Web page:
Design and Install Refrigeration System For Efficiency

For efficiency, there are lots of things we can do. We can locate the condenser correctly, We can use water resistant cooling for the condensers, We can use low TD condensers, We can use electronic expansion valves and we can make sure the solenoid valve is in the right position.

We can ensure that insulation is well done, we can manage air infiltration into our rooms and we can recover heat and offset gas use or electric heating elsewhere.

So let’s get into it.

1. Condenser Location

Condensers as- I’ll take you back to that little diagram I showed you right at the beginning-condensers need air to cool. They need lots of air. If they don’t have air, the temperature will go up, and your refrigeration system will use more power.

So condensing units need good cooling air. Do not fit them into basements or enclosed spaces. I always pause when I say that because it’s kind of obvious that you shouldn’t be doing this.

So it’s very common, poor airflow will cause the high condensing temperatures or cause the air to be recirculated, and that gives you high power consumption and potentially even a failure of the compressor.

So what am I talking about? If you look at the picture

that is a poor little condensing unit in an enclosed space. It’s like a concrete alcove or bricked alcove. I looked at that unit a bit closer. We’ll get to that. Here is an example of two groups of condensing units.

And you see the two condensing units

on the right hand side, which are mounted on the roof. Which do you think will be running more efficiently?

Now, I know you can’t answer back, but, of course, the ones on the right hand side would be running better.

So and why?

And I’ll show you a good example. This is what you should not be doing.

So left top, that is actually a little cool room for I think it was a fishmonger, and that condensing unit in the middle was located on top of the cool room behind that sliding door, which was put in place because it was a noisy unit.

So when I went to inspect it, and I opened the sliding door, it was like 50 degrees air coming out there. And of course, the reason why I went

there is because the system wasn’t working well, was it?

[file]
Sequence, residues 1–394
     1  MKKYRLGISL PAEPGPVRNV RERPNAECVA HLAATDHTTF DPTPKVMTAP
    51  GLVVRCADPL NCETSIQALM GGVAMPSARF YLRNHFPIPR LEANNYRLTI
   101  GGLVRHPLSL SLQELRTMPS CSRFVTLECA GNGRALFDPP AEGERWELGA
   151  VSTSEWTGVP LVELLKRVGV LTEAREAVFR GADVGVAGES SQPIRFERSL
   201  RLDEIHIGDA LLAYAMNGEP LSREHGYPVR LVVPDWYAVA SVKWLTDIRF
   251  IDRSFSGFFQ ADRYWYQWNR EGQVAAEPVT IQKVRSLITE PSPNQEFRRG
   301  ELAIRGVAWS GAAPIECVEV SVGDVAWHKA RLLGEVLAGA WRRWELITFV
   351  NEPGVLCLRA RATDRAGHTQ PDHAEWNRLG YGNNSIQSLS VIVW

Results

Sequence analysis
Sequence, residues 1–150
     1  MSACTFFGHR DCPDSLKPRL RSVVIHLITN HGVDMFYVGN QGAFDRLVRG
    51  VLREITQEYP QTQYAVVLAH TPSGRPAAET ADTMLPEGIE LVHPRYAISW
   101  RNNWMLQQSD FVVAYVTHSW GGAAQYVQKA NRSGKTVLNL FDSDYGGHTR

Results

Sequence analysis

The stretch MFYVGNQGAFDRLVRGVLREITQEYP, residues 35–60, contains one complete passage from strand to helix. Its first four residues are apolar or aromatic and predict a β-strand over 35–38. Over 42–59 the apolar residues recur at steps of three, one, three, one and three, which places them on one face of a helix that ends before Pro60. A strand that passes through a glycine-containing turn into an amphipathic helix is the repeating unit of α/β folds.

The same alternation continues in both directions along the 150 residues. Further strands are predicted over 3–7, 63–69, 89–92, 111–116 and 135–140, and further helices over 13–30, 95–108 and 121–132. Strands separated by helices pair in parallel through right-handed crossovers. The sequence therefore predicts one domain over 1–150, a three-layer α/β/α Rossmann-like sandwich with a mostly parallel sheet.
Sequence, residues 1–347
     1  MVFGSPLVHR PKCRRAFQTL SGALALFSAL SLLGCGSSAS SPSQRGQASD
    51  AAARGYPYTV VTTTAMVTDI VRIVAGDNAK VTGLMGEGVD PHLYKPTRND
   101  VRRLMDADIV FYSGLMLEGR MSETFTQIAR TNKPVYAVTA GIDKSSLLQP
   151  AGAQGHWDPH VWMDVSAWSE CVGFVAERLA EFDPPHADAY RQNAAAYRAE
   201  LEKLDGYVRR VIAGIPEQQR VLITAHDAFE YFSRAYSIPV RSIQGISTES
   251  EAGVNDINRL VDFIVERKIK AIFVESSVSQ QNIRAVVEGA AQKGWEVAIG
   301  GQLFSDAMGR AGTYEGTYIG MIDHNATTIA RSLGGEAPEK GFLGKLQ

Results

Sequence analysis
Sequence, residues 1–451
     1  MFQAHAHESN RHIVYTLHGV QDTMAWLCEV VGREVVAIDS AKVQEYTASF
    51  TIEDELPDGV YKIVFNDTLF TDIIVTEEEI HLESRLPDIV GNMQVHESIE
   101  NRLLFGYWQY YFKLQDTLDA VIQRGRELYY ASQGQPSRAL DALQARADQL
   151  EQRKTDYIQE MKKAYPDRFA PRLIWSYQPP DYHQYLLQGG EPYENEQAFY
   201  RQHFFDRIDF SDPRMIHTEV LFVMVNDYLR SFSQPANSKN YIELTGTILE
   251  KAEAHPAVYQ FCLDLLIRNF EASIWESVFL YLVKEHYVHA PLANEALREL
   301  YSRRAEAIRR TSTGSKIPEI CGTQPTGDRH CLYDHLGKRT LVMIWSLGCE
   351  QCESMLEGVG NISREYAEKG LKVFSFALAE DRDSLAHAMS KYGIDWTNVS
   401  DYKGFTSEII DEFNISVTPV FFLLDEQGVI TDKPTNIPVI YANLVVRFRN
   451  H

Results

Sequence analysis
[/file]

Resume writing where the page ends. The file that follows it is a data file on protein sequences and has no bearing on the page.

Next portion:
But the picture on the right was actually a apartment building, It’s a really good example of what an architect can do to refrigeration because these units were not allowed to be outside. So he had all the air conditioning and it’s on the left and all the refrigeration units on the right in the car park basement.

And that space in the middle is where a car is actually parked. So what you have there is all the air trying to cool the condensing units is being blown at the car and recirculated within that space. So these units will have a very hard time to operate, especially in summer, and whoever parks their car there, they will have a very hot car.

So that’s how not to do that. But just to show the impact that this has on energy use, I’ve done a few measurements using my trusty infrared gun again.

So what I’ve measured there on this picture–

you can see that someone was helping me on the left holding a air on temperature sensor. So that’s the air within that space. So this was a small condensing unit in a big market hall, so it had plenty of air. And you can see the air on temperature was 19 degrees.

OK, not too warm.

And then I measured the point where the liquid comes out of the condenser. So that’s kind of the condensing temperature. You could call it that. I measured that with my little gun, and you can see that was 26 degrees.

So the difference between air temperature and condensing temperature was about seven degrees. That’s really good. Like any system that’s running well, seven degrees is a good TD, temperature difference, where the air coming through the brick wall was 22 degrees, as shown on the left picture.

But by the time the air got to the condenser, it was now ready at 30 degrees, and the liquid coming out of the condenser was 43.

So what we had here was all the way from 22 to 43. We had 21 degrees Delta T. As opposed to seven, the previous one, this one was a 21. So if you compare the two, 14 degrees higher.

Remember the rule I said?